In the black-comedy-thriller Bad Times at the El Royale, Jon Hamm plays a Southern vacuum-cleaner salesman who is neither Southern nor a vacuum-cleaner salesman. Jeff Bridges plays a priest who's not a priest. Chris Hemsworth plays a barefoot beachcomber who's not nearly the pacifist he initially appears to be. And writer/director Drew Goddard is doing an impersonation, as well – that of early-to-mid-'90s Quentin Tarantino. Happily, at least until the film's final half hour or so, he pulls off the ruse rather spectacularly.

You know a tearjerker is really working when, in its last 15 minutes, the mere sight of a well-done steak is enough to get viewers weepy. But the latest iteration of A Star Is Born – the third American remake of this timeless show-biz melodrama since 1937's original (itself a sort of remake of 1932's What Price Hollywood?) – is a tearjerker that leaves you less wiped out than electrified.

Friday, September 28, 10:45 a.m.-ish: It used to be said, and maybe still is, that those wanting to sell film scripts during Hollywood pitch meetings were required to describe their potential projects in 25 words or fewer. That always sounded a little restrictive to me. Yet as I headed into my latest quadruple feature, I was pretty sure I could effectively nutshell Friday's lineup using only four words per title: “abominable snowman discovers humans,” “amusement park serial killer,” “Louisa May Alcott – again,” and the day's jump-starter “Haddish schools Hart, bitches!”

Given that his directorial credits have included a couple of Hostels, the gory Cabin Fever, and the unapologetically repellant cannibal shocker The Green Inferno, hiring Eli Roth to helm a kiddie scare comedy seemed, at first, to be a phenomenally terrible idea, like putting Lars von Trier in charge of church camp or asking Tarantino to babysit. Amazingly, however, Roth proves himself the right director for the job of The House with a Clock in Its Walls, a movie no funnier or scarier than, say, 2015's Jack Black vehicle Goosebumps, but one with plenty of charm, sweetness, and child-friendly gross-outs. Roth being Roth, know that you will witness projectile vomiting. But the puke is wholly composed of pumpkin guts, and the face it lands on is Black's, so you know … . No harm, no foul.

“Was it all just a dream?” Those were the first words uttered by an off-screen Michael Moore in his 2004 documentary Fahrenheit 9/11, Moore's incensed indictment of George W. Bush's first years in office (and, because it's Moore, a bunch of other things, too). Those same words, not at all coincidentally, open Moore's new Fahrenheit 11/9, the numerically swapped title a reference to the day in 2016 that Donald J. Trump was officially named our nation's president. The difference between those identically worded openers, though, lies in the timbre of Moore's voice. In 9/11, he was recognizably sardonic and faux ingenuous, following the question with snarky references to Ben Affleck and Robert De Niro. In 11/9, however, “Was it all just a dream?” sounds like the lament of a truly sad, incredulous man – one who can't believe that, 14 years later, he's forced to ask the same damned question again, and likely to ever-less-receptive ears.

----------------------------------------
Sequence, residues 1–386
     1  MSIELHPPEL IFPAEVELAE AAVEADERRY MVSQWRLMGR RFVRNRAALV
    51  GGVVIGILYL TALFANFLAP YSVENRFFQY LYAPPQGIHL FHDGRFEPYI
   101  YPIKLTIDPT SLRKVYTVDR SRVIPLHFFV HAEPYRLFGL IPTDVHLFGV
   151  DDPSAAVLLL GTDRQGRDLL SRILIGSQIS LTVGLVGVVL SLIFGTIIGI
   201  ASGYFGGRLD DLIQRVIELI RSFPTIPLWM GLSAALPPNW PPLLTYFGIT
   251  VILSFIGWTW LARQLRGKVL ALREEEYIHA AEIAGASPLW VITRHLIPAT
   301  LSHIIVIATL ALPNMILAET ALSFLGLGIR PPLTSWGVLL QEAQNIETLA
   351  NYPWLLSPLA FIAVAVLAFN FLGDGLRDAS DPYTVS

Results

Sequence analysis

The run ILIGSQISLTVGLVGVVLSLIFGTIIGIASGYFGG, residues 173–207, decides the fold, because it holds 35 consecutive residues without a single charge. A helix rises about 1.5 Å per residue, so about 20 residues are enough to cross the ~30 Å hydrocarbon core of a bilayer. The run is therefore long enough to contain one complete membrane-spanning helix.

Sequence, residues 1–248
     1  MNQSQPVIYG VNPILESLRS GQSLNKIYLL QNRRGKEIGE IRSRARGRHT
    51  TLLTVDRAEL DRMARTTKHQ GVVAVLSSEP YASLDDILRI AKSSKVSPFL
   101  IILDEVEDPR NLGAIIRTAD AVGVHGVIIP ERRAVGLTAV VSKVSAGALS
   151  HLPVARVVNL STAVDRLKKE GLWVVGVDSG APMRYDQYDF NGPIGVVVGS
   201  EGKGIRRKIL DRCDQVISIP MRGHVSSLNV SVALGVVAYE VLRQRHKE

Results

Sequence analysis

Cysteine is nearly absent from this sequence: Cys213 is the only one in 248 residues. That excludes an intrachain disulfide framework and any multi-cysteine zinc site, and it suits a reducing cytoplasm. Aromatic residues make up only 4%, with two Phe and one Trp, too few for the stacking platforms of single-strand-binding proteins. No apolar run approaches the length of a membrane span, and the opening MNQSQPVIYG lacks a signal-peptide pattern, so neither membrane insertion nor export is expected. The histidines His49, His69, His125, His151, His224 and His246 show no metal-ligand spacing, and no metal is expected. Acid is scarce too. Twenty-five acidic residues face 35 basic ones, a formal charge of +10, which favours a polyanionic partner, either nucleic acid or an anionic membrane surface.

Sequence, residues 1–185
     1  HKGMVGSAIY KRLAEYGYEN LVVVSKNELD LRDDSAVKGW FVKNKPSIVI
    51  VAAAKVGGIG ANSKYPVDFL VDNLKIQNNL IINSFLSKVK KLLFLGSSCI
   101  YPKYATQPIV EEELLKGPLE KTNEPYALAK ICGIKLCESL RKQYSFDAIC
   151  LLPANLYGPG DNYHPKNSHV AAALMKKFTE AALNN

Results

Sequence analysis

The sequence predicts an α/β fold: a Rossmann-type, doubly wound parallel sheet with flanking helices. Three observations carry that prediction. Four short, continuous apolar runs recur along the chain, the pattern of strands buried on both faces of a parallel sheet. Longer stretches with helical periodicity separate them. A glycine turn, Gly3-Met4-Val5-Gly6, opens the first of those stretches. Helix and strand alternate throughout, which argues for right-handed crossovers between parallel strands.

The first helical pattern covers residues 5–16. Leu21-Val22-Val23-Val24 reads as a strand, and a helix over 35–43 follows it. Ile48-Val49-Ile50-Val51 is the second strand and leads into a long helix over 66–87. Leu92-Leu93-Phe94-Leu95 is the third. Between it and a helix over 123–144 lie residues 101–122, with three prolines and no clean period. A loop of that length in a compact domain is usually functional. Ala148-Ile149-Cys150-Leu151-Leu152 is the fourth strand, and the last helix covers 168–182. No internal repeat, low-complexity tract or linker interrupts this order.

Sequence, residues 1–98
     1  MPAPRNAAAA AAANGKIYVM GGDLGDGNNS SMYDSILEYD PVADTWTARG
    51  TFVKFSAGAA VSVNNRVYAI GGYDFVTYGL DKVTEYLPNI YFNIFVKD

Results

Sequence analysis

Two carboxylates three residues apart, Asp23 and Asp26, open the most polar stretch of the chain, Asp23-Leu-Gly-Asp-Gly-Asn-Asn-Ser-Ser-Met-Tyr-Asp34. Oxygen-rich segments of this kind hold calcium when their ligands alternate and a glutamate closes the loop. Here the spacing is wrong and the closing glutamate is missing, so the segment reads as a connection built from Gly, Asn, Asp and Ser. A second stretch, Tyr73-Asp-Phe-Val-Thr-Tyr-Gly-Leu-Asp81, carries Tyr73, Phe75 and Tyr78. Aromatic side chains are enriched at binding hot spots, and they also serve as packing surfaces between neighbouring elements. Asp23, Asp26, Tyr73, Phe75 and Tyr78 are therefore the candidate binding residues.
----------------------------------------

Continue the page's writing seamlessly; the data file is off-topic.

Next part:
Described by Artform as “an elegant and patient portrait,” and with Downbeat magazine calling it “as much a visual poem as it is a doumentary,” 2018's Milford Graves Full Mantis will be showcased as the September 27 feature in the Cinema at the Figge series, with hosts Ford Photography and the Figge Art Museum presenting the area debut of this heartfelt ode to a legendary musician.

Even though Hollywood's summer tends to begin in the last days of April and end a couple weekends before Labor Day, it is, you know, still technically summer. Consequently, I feel completely within my rights to decree The Predator perhaps the happiest summer-movie surprise of 2018 – a thrillingly funny, nasty, unpretentious good time that's leagues more entertaining than any deeply unnecessary sequel/reboot of its type should ever be.

Few likely remember it, but back in 1985, Susan Sarandon starred in a movie titled Compromising Positions, an utterly charming mystery-comedy in which a suburban homemaker becomes an amateur sleuth investigating the murder of her dentist. Director Frank Perry's film is a sharp, funny trifle with an astounding supporting cast of Broadway talents – Raul Julia, Judith Ivey, Joe Mantegna, Joan Allen, Edward Herrmann, Mary Beth Hurt – and totally worth a watch on YouTube. (It's easier to sit through if you can ignore the film's rather blatant mid-'80s misogyny.) But I hadn't thought about that movie in years, if not decades – not until director Paul Feig's irresistible mystery-comedy A Simple Favor kept bringing it to mind.

Follow along if you can: Director Corin Hardy's new horror film The Nun is the prequel to last fall's Annabelle: Creation, which was the prequel to 2014's Annabelle, which was the prequel to 2013's The Conjuring. This is what, in franchise terms, is called “universe building.” And if the popular series continues in this chronologically backward vein, I'm pretty sure that several hundred years from now, the final movie in the cycle will be titled Genesis, or perhaps The Mind of God. If only The Nun were similarly divine.

It's almost inconceivable, and a little perverse, that the same actor who was so convincing as a Jewish bookkeeper in Schindler's List, the heroine's father in Anne Frank, and freakin' Moses could also be wholly persuasive as Adolf Eichmann, the chief architect behind Hitler's Final Solution. But considering his additional screen roles have ranged from Mahatma Gandhi to gangster Meyer Lansky to film pioneer Georges Méliès, Ben Kingsley has always demonstrated a virtuosic talent for playing ethnically diverse real-life figures – a skill that's both the chief pleasure and biggest moral hazard in the engaging, slightly infuriating post-war thriller Operation Finale.